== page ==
USA / 1944
Director: Alfred Hitchcock
Writer: Jo Swerling from a John Steinbeck story
Cast: Tallulah Bankhead, William Bendix, Walter Slezak, Mary Anderson, John Hodiak
Hitchcock’s Oscar nominated wartime classic fulfilled his ambition to, “make a whole film in a phone booth.” The whole movie was shot on one set, the lifeboat in which the survivors of a torpedoed liner find themselves, along with the captain of the German U-boat (Walter Slezak) that sunk them.
The dramatic tension comes from the captain’s attempts to steer them towards the German supply ship but any film featuring Tallulah Bankhead, this time playing a jaded socialite who mellows through the ordeal, is un-missable.
When the film opened, Hitchcock was criticised for making the captain more organised and almost more sympathetic than the other passengers but as he was to explain in an interview with Francois Truffaut, “We wanted to show that there were two world forces facing each other, the democracies and the Nazis and while the democracies were disorganised, the Germans were heading in the same direction. So here was a statement telling the democracies to put aside their differences and gather their forces to concentrate on the common enemy.”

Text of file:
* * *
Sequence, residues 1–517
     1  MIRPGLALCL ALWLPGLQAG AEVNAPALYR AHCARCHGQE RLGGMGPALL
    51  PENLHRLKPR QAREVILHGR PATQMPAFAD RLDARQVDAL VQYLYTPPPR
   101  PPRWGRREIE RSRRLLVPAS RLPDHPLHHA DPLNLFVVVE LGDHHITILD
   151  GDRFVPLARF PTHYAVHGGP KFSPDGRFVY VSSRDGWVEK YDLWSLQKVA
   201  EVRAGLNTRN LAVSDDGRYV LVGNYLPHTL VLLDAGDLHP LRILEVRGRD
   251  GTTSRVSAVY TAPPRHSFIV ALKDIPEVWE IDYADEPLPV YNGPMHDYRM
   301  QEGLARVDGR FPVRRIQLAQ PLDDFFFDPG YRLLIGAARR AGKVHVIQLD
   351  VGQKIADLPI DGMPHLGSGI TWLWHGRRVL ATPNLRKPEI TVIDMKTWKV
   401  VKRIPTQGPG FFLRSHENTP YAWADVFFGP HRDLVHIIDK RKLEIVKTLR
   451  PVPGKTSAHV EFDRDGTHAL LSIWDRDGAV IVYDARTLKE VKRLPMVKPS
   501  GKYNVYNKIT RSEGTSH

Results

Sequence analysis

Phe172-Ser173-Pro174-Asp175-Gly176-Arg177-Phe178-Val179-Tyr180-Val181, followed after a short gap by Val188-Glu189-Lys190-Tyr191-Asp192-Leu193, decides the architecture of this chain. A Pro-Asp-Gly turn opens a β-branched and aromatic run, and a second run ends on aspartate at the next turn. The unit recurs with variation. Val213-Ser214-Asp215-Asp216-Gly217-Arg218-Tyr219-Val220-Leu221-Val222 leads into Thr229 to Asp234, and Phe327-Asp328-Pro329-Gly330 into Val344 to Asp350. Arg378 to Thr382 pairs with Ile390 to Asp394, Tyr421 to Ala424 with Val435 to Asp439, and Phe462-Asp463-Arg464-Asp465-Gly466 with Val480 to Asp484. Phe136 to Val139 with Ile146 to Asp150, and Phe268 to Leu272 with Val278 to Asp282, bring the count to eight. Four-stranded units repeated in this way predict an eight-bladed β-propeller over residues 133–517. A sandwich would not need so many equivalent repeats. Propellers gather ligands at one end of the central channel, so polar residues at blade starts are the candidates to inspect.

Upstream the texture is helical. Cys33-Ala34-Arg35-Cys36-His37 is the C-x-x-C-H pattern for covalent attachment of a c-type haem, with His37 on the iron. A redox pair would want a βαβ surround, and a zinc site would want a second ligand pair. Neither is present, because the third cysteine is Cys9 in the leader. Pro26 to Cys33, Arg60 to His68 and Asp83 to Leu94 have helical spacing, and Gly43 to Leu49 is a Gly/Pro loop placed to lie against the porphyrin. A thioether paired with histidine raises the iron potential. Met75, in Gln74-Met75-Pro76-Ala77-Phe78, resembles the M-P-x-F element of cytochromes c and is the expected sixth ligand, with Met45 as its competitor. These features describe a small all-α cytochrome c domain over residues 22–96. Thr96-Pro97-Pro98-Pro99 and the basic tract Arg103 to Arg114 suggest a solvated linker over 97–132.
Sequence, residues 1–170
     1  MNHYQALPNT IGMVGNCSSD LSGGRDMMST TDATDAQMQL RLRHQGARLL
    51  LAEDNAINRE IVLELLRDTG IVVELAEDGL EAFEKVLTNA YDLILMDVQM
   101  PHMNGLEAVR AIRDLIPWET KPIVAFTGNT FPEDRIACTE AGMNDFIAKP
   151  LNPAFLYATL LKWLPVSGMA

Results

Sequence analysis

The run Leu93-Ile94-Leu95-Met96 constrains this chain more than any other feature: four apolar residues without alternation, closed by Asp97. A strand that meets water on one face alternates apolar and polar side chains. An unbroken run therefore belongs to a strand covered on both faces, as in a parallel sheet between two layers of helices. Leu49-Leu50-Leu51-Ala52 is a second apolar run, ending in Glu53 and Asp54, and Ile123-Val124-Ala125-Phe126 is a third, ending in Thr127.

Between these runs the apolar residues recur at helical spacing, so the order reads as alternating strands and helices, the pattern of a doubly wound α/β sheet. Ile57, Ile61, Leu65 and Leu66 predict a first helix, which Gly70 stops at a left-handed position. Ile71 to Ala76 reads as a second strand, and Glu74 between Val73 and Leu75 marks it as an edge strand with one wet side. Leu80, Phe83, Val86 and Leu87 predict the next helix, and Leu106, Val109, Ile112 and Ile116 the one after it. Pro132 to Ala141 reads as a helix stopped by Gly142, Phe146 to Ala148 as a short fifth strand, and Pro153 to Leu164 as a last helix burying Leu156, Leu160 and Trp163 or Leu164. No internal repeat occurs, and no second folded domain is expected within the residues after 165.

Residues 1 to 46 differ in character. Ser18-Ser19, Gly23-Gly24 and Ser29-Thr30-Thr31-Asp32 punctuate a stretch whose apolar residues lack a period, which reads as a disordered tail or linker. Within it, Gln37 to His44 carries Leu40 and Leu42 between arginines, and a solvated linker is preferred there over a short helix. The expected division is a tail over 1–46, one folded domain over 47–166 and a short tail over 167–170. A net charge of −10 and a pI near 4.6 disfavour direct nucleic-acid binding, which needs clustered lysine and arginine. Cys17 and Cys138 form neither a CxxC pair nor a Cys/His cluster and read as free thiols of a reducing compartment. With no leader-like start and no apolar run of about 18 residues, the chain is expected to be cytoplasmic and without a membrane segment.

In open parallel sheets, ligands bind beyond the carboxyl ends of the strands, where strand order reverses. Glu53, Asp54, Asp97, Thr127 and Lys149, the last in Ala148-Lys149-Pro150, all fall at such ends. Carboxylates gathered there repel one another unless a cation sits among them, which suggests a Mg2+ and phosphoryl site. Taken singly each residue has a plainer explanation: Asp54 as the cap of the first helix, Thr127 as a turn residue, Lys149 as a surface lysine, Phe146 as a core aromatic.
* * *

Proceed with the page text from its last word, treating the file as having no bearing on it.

Hitchcock had to exert considerable ingenuity to make his now traditional cameo appearance. Rejecting the notion of being a corpse in the water, he hit on the idea of being in a before-and-after slimming ad in the newspaper one of the crew is seen reading in the boat, an idea that appealed since he’d recently slimmed from 20 to 13 stone.